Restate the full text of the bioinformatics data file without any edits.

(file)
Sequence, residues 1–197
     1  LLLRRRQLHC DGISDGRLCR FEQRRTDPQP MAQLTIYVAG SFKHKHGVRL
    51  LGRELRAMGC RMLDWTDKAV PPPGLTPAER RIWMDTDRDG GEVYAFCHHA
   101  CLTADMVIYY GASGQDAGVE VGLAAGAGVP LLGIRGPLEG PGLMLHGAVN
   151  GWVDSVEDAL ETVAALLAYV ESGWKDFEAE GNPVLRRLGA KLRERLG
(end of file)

Sequence, residues 1–197
     1  LLLRRRQLHC DGISDGRLCR FEQRRTDPQP MAQLTIYVAG SFKHKHGVRL
    51  LGRELRAMGC RMLDWTDKAV PPPGLTPAER RIWMDTDRDG GEVYAFCHHA
   101  CLTADMVIYY GASGQDAGVE VGLAAGAGVP LLGIRGPLEG PGLMLHGAVN
   151  GWVDSVEDAL ETVAALLAYV ESGWKDFEAE GNPVLRRLGA KLRERLG